Member for Cootamundra Steph Cooke has defended her position after a NSW parliamentary Upper House Committee last week handed down its final report into alleged ‘pork-barrelling’ by the State Government.
The public accountability committee tabled its final report about the integrity, efficiency and value for money of grant programs such as the Stronger Country Communities Fund (SCCF) last Thursday.
The committees chair, Greens MLC David Shoebridge, delivered a scathing outline of the findings, saying the report reveals “widespread failures of grants allocation in NSW.”
Gundagai and several other Cootamundra electorate communities have benefited from the fund.
When asked about her thoughts on the pork-barrelling claims, Ms Cooke reiterated her defence of the SCCF.
“As the local Member of Parliament, I have worked hard to ensure our electorate receives its fair share of funding across the range of programs the NSW Government has made available and I will continue to do so,” Ms Cooke said.
“Any investment in the future of our small communities is very welcome. It is fantastic that the NSW Government has ensured regional communities are supported through a broad range of programs, from community facilities to critical road and rail projects, new school and health infrastructure. I also think it’s important to acknowledge the considerable time and effort put in by local government and community organisations to prepare applications for these funding opportunities.
“A review is underway into the administration of grants programs and procedures. I am advised that the NSW Government will consider the findings of the Upper House inquiry in conjunction with the review.”
Ms Cooke and her SCCF grants have been targeted with pork-barrelling claims from Labor and the Greens for several years.
The NSW Upper House inquiry into the government’s misuse of $400 million of public funds began last year.
Of particular interest was the number of SCCF grants that were approved by the government for the Cootamundra electorate prior to 2020.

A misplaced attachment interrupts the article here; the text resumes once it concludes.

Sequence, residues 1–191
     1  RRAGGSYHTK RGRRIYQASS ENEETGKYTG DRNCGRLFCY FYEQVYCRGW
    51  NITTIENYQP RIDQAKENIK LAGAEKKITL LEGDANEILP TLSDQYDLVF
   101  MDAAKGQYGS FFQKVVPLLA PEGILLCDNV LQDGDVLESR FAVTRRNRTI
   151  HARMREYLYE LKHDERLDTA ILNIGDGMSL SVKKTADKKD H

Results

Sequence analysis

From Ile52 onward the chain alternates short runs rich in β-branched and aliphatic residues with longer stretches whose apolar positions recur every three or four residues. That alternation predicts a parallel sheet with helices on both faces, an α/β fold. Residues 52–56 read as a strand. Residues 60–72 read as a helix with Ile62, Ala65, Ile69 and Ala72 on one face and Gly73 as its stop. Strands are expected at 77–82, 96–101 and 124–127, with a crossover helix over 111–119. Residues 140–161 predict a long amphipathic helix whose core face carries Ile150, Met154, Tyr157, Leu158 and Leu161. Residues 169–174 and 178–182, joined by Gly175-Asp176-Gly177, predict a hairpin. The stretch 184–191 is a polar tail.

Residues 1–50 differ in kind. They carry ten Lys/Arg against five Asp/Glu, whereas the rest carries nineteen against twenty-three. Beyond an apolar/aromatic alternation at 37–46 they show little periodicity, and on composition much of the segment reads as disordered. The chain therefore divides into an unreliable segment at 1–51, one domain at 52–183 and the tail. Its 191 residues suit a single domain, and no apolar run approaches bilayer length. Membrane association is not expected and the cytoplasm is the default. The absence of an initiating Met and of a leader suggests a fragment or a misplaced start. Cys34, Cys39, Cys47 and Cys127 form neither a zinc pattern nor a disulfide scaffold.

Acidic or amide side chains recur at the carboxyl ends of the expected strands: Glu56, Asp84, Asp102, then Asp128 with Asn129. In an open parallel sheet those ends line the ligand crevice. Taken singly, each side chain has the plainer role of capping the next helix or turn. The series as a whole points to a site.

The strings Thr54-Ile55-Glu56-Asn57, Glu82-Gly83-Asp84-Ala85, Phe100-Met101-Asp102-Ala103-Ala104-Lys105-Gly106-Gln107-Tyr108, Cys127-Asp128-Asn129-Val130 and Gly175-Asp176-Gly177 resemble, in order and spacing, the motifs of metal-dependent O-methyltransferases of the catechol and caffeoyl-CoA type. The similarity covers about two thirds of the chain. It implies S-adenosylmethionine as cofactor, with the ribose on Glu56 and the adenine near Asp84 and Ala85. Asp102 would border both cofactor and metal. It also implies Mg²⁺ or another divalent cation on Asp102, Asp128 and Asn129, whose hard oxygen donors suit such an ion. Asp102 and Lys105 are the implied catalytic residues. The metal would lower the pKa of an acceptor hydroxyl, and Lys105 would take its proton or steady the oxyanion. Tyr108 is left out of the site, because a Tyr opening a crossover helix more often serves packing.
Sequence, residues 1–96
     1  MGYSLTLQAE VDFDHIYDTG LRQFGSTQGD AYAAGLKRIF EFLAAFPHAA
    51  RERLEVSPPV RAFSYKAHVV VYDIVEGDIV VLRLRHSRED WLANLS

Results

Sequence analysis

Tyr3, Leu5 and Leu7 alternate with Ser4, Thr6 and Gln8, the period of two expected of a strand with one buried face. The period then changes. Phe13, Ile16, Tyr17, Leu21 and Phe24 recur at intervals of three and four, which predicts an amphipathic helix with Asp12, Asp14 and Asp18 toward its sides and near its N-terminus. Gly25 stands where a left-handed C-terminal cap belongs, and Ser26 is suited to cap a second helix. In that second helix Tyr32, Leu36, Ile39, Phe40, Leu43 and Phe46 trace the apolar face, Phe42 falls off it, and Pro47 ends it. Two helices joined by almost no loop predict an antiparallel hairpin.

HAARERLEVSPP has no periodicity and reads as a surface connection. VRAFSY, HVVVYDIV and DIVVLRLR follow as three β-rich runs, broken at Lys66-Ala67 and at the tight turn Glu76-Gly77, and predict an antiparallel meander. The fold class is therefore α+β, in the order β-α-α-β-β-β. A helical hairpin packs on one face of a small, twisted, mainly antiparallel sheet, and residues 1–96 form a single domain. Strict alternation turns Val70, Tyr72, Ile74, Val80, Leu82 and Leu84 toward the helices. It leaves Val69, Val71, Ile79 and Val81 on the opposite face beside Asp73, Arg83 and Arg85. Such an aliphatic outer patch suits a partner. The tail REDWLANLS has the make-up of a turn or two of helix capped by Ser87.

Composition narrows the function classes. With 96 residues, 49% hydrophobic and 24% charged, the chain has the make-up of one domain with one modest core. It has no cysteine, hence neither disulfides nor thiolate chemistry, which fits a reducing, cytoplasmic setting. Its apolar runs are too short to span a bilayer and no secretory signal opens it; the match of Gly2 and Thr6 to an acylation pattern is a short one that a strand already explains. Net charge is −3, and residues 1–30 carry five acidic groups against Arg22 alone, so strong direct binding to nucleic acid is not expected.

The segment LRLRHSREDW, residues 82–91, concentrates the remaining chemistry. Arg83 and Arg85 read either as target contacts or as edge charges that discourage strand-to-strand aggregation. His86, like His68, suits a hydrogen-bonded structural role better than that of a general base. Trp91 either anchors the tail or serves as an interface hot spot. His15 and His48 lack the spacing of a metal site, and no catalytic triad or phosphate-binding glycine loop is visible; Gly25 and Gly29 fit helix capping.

About 180 grants totalling almost $42 million were awarded to projects located in the seat.
The electorate received more grants than the total number allocated to projects located in Labor, the Greens and Shooters and Fishers electorates.
Ms Cooke defended the grants program and took aim at the Shadow Minister for Local Government Greg Warren who claimed the number of grants given to projects in the electorate was “nothing but a blatant attempt to buy the seat”.
In response, Ms Cooke said, “the shadow minister is either deliberately misleading the media and the public, or his calculator is broken”.
“The simple fact is the SCCF is allocated by Local Government Areas (LGA), not electorates,” she said.
She went on to point out her electorate received $35,118,679 across three rounds of the SCCF up until that time.
“The SCCF is a critical fund for upgrading community infrastructure, which is vital after 16 years of neglect of rural and regional areas from Labor governments,” she said.
“I am not sure where the shadow minister found his figures but they are incorrect.”
Speaking last Thursday, Mr Shoebridge said it was “extremely disappointing to see the government repeatedly use grant programs for political gain”.
“To this end, we have made a suit of recommendations based on our findings, which, alongside the recommendations of our first report, will fundamentally reform grants administration in NSW,” Mr Shoebridge said.
“These reforms are now urgent. The public purse remains open to continued abuse in the lead up to the next election and the people of NSW deserve a grants system that ensures public money is applied to do the greatest public good, not the greatest partisan advantage.”